It is naïve to suggest you should never copy your competitors because it won’t work on your site. Sure, not everything will work, but if you are selective and use ideas in the right context they may enhance your user experience and improve conversion. But don’t assume they have done their homework and tested new designs. A/B test them before you roll out things you copy. Also look outside of your competitors for inspiration. Most new features are likely to be adopted in other sectors first before they get to your small area of the web. You should then apply A/B testing when appropriate to validate whether an idea will benefit your site.

Don’t treat all visitors the same:

There are many different kinds of poker players and to get the best result you need to understand their tactics and behaviour. Good players will adjust their behaviour accordingly.

To improve conversion you also need to segment your customers to tailor and personalise the user experience. If you treat everyone the same you can expect average conversion. Employ customer research, web analytics, and analyse your data warehouse to better understand and segment your visitors. Develop a more relevant and personalised user journey.

Use game mechanics to engage visitors:

Poker is one of the most difficult games to master. It requires a good deal of skill, an understanding of human behaviour and a large amount of luck. However, we love games and mastery is one of our strongest motivations.

As part of your conversion optimisation strategy have you considered using gamification on to improve the user experience and conversion? Why not use gamification of steps in your user journey to engage visitors and to create interest towards your conversion goals. This can be as simple as providing regular and positive feedback or prizes (e.g. badges or loyalty points) to recognise task completion and reward behaviour that leads towards your conversion goals. Make your website fun and interesting when appropriate and visitors may want to return more often.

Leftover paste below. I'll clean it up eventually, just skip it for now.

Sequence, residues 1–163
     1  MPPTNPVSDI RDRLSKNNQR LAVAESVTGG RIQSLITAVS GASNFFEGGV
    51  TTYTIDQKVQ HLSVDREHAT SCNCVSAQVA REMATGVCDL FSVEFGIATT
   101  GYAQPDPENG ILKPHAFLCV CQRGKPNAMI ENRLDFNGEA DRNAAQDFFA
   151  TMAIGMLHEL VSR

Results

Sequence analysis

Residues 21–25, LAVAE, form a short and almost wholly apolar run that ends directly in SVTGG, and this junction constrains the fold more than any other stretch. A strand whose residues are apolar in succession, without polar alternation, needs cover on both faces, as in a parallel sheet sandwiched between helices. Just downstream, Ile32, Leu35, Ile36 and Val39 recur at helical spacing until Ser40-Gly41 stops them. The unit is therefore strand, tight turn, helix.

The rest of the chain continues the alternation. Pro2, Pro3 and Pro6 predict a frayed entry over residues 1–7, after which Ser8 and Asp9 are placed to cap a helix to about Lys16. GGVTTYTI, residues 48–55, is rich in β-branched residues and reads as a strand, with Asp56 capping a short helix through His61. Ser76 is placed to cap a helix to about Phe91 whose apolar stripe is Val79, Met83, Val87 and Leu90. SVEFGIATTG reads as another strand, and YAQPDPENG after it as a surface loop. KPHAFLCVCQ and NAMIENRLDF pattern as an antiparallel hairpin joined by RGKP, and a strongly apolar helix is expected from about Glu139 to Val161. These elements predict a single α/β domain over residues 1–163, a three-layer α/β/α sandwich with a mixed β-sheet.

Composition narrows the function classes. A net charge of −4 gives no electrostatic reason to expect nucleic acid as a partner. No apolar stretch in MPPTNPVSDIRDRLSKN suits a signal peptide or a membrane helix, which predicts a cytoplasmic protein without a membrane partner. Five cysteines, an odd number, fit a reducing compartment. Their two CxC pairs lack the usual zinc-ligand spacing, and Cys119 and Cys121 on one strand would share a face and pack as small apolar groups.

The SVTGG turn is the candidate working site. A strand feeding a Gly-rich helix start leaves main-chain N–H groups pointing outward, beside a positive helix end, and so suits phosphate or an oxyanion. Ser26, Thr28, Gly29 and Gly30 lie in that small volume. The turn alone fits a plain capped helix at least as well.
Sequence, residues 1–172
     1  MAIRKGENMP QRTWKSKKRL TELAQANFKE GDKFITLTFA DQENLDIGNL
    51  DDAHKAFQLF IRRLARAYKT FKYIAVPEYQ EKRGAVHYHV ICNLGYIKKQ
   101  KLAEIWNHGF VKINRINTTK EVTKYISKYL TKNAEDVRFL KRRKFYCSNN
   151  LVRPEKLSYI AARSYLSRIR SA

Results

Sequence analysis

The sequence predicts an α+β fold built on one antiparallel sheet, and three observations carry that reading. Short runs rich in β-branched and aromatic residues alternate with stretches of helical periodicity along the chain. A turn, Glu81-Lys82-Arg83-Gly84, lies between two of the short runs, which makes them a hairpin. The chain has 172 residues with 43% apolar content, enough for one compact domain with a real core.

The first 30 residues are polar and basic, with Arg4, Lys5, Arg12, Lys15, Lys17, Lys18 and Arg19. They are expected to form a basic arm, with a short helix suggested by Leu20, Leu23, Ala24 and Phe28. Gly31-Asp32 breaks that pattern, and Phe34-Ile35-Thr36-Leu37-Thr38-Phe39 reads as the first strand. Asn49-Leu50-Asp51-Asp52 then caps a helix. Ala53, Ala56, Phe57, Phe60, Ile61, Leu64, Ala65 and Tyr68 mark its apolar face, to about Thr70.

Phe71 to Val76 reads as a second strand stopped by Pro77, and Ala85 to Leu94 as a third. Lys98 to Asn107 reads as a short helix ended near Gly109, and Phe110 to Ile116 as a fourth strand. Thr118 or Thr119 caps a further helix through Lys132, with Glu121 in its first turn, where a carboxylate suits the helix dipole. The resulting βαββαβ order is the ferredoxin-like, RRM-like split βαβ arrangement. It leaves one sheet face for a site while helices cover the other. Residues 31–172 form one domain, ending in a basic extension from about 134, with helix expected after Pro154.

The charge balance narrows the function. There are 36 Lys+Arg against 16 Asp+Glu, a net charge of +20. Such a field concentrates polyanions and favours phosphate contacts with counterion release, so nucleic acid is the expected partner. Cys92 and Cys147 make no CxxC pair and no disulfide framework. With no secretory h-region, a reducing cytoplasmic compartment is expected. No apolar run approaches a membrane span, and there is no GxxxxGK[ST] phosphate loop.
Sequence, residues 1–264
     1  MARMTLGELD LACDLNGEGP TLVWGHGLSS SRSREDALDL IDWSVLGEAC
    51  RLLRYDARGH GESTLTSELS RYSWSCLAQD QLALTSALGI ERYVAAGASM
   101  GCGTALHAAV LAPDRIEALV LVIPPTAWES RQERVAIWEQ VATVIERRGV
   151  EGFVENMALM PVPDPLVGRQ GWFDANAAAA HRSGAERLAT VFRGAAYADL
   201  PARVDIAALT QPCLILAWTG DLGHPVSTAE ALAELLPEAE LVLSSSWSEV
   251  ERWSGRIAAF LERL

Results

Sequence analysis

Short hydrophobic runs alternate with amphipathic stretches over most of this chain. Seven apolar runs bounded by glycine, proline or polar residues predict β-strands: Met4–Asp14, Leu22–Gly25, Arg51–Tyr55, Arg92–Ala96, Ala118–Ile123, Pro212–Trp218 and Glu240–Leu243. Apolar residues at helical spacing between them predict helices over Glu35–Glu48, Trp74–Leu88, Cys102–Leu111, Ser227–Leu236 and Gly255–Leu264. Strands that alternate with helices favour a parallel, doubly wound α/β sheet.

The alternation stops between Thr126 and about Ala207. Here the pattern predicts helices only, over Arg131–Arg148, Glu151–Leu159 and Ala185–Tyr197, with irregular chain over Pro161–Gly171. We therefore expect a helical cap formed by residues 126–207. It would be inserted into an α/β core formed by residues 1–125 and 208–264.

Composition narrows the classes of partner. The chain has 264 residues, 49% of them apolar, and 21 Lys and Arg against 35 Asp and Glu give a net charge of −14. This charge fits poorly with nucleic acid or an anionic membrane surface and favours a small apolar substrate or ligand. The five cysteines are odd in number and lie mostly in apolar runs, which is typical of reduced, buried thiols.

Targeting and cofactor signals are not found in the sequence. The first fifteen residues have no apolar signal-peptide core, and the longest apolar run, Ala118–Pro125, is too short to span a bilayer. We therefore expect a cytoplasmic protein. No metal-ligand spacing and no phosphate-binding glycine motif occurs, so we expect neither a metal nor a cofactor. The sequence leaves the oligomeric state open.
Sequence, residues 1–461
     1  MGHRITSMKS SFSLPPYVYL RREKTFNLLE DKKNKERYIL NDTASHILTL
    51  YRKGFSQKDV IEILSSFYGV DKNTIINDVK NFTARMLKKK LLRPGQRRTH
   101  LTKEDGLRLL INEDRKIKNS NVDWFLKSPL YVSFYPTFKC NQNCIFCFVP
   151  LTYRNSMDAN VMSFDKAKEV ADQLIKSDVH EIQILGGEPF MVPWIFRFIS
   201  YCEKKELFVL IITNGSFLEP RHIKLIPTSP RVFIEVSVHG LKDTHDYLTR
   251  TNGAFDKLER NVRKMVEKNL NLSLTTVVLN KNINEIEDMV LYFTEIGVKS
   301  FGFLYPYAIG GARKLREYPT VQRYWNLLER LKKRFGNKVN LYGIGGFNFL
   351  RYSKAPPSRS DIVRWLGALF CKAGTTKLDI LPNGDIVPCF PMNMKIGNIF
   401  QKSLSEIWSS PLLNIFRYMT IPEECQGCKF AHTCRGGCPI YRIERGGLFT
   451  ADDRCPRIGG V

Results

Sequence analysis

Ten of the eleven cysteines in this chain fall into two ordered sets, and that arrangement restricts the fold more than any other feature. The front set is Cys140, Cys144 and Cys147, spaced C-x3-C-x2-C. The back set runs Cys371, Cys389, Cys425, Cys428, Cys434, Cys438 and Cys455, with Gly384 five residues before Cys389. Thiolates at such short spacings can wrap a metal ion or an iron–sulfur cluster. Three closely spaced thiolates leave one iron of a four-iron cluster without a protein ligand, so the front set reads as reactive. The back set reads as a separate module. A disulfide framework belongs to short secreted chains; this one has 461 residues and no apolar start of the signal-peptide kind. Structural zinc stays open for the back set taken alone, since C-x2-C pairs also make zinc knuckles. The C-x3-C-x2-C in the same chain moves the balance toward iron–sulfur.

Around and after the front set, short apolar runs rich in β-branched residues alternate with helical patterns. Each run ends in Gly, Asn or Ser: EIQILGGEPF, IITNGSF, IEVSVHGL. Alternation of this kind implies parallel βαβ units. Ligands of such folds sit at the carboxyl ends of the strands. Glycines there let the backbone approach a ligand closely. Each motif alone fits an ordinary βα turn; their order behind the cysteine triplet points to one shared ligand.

Skypoker.com promotion image

Source: Skypoker.com

Remember the importance of the user experience:

Poker sites bombard visitors with welcome bonus offers and tournaments with big prizes for the winners. However, for the vast majority of players who won’t be making a fortune out of poker the user experience is what matters.

This means a good conversion optimisation strategy needs to be built around a strong value proposition. Use a heuristic evaluation to check how well the user journey is relevant and provides clear directional cues on interacting with the game mechanics. This should also identify if the application has minimised friction by avoiding distractions and anxiety. Urgency is also often forgotten about to nudge players to act quickly when required.

The whole user experience needs to be pleasurable and aligned with customer expectations if you want to encourage visitors to return to your site or app. This is the same for any online business and is often forgotten in the rush to get short-term sales. The danger is that too much attention is given to fancy new product features and website changes when the basic game experience may also need some attention. Fix your user experience first before trying to be persuasive or personalise your site.

Ensure challenges are realistically achievable:

Poker sites have in the past been notorious for offering bonuses that require levels of game play that are totally unrealistic for the average user to attain. Pokerstars, and 888 now offer instant release bonuses.

Other companies, such as Betfair, continue to promote offers that are highly complex and difficult to release. Making a task too difficult to achieve for your average customer creates disappointment and resentment. Ensure your conversion optimisation strategy considers what is best for customers and not just your organisation.

Winning involves luck:

Poker involves a fair amount of luck as even the strongest starting hand can turn to nothing when new cards are revealed that link to what another player has in his or her hand. Conversion also requires a reasonable amount of luck.